'While empathic understanding, which encompasses self/other awareness, is probably specific to humans, empathic arousal and empathic concern are shared in common with other primates and mammals. Thus human empathy depends on ancient systems for intersubjectivity, rooted in attachment to kin and care for their well-being. However, layered on top of this, the cognitive abilities that are unique to our species – language, meta-representation and executive function – interact with more ancient systems and expand the range of behaviors that can be driven by empathy.

'While one needs to be cautious regarding the forms of behaviors in the animal kingdom that have been interpreted as evidence of empathy and concern, basic affective states – and the neural mechanisms to support them – are homologous in all mammals (Panksepp, 1998). The study of comparative neuroanatomy makes clear that behaviors motivated by emotion arousal evolved earlier than those driven by complex cognitive capacities. The highly interconnected regions of the brainstem, basal ganglia, and limbic system antedated expansion of the neocortex.

'Basic affective circuits emerged much earlier in brain evolution than higher cognitive capacities. This enables mammalian species to care for offspring sufficiently long so that the offspring, too, can reproduce.

'Non-human animals clearly possess at least one of the essential underlying components of empathy: the ability to be affected by, and share, the emotional state of another.

'Whether the emergence of an integrated self–other representational system has occurred relatively recently (during the course of the last 2 million years of human evolution) and only exists in a handful of species such as chimpanzees, elephants and bottlenose dolphins, or has evolved along a continuum so it can be found in different forms in other species is still a matter of debate (see Gallup, 1985, Lauwereyns et al., 2010 and Povinelli et al., 2000).'

Anatomically speaking, the divisions of the modern mammalian brain already existed 300 million years ago when amphibians evolved into sauropsids (reptiles and birds) and the integrated limbic system dates back another 100 million years or more to the time of the condricthians (e.g. sharks).

It used to be thought that there were major structural differences between the mammalian and sauropsid brains in terms of the cortex. It is fairly well accepted by now, however, that the mammalian neocortex and the equivalent sauropsid (reptile) dorsal cortex and dorsal ventricular ridge (DVR) developed from a common antecedent, being the pallium, in the ancestor reptile that evolved from amphibians (eg Reiner, 2000; Husband and Shimizu, 2001). Research has show that functionally and biochemically there is a lot of similarity between mammalian and sauropsid cortices. See Sanides (1969) and Deacon (1990).


Previous paragraphs have made out the case for an ontogenetic origin for the moral sentiments across a range of species, with a degree of experimental basis, and not needing to distinguish between a 'nativist' or a 'collective' explanation. But moral sentiments on their own do not account for the commonality of mythic beliefs and images between human cultures and their universal role in underpinning aspects of groupish behaviour. A prominent role is played in this assembly of mythic beliefs and images by archetypes. Archetypes were described in some depth in Agent Human, particularly in Appendix Three, and a brief summary of that material is included in Appendix Three of the current volume.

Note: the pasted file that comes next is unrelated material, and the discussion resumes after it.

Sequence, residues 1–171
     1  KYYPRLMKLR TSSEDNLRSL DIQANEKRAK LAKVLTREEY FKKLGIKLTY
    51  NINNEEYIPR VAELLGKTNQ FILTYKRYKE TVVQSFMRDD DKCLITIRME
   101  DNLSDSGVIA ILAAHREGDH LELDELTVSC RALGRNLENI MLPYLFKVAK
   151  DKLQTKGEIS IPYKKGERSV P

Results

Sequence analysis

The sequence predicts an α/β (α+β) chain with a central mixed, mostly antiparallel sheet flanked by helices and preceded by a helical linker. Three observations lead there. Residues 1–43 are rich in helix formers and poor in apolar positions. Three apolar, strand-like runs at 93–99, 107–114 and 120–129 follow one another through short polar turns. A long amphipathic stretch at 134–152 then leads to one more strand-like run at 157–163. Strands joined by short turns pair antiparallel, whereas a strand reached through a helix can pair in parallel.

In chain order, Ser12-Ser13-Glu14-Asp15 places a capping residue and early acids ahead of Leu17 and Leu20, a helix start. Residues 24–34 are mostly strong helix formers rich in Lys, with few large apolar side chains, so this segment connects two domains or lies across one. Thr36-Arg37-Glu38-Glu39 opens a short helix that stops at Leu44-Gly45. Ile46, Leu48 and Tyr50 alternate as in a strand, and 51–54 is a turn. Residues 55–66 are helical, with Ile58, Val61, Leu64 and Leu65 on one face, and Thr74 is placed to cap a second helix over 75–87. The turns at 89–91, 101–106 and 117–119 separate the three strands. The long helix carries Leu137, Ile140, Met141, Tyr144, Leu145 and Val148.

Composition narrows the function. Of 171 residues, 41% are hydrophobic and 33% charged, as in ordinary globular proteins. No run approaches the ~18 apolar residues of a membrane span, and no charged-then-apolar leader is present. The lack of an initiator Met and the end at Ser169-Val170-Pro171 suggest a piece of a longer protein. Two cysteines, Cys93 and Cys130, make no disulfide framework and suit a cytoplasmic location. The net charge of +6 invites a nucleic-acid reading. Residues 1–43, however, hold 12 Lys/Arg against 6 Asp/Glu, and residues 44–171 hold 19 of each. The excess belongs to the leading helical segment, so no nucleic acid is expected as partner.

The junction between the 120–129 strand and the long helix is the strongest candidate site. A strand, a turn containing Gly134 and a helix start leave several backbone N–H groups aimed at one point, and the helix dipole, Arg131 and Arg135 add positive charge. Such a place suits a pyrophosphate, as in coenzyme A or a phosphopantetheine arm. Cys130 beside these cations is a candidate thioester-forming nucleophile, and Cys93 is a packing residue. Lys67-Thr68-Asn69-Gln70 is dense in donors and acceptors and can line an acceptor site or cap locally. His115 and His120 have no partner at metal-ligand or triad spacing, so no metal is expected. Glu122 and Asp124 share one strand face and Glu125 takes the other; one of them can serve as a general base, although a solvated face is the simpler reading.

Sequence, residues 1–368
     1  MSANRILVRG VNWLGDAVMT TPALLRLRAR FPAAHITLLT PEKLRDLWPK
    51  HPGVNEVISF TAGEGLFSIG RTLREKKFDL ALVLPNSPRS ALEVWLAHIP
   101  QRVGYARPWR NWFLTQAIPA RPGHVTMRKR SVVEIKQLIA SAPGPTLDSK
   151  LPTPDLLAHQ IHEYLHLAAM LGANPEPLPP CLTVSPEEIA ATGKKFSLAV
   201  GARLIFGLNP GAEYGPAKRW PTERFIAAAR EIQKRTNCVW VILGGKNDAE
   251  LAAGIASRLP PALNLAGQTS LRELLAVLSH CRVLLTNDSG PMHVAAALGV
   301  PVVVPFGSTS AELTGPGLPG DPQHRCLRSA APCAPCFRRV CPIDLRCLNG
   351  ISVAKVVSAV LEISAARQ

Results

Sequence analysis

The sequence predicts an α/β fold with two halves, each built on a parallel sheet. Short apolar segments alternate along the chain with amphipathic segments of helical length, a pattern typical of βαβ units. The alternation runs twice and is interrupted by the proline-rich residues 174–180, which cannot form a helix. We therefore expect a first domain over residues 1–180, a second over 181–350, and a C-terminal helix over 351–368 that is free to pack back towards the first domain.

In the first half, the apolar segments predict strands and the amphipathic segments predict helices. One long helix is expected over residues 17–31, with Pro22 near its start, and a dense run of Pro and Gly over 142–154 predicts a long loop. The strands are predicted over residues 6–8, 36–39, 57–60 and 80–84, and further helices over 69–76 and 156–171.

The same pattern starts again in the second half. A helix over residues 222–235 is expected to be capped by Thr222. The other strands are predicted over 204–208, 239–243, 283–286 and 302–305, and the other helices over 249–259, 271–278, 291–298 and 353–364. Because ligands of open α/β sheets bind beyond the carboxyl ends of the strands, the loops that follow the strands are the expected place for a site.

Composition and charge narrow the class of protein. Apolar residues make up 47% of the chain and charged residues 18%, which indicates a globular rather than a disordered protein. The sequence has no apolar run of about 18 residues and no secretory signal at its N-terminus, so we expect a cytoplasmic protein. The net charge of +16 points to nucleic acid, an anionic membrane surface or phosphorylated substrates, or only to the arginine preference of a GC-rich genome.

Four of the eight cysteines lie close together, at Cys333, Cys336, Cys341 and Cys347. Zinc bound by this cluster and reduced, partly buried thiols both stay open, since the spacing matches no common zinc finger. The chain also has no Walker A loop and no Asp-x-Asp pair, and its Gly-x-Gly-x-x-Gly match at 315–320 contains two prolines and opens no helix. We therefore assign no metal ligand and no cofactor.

The archetype, a word used in this context initially by Jung (1958) and very much elaborated by his follower Ernest Neumann (1954) is a numinous (potent, powerful) unconscious psychic content. In itself it is not to be thought of as having a specific form – it exists in a very deep layer of the brain – but it gives rise to images in the visual cortex which partially represent it.

Jung described the collective unconscious (itself being that part of the unconscious which is common to all members of a group) as consisting of mythological motives or primordial images to which he gave the name 'archetypes'. Archetypes are not inborn ideas, but are:

'typical forms of behaviour, which, once they become conscious, naturally present themselves as ideas and images, like everything else that becomes a content of consciousness . . . When an archetype appears in a dream, in a fantasy or in life, it always brings with it a certain influence or power by virtue of which it either exercises a numinous or a fascinating effect, or impels to action.'

While it's possible to imagine and even to measure an inbuilt neural mechanism to support the development of cooperation, empathy, and even ToM, it is more difficult to do the same for such human archetypal images as the set of familial relationships including The Mother, The Fathers and The Hero, to pick just a few from the overall collection of very many human archetypes, together with the mythic structures that accompany them. However, it won't do to propose that such psychic content is 'learned' from mothers, fathers, uncles or witch-doctors; it may be reinforced in such ways, but only some more fundamental mechanism can explain its appearance in every child regardless of its circumstances and the culture into which it is born.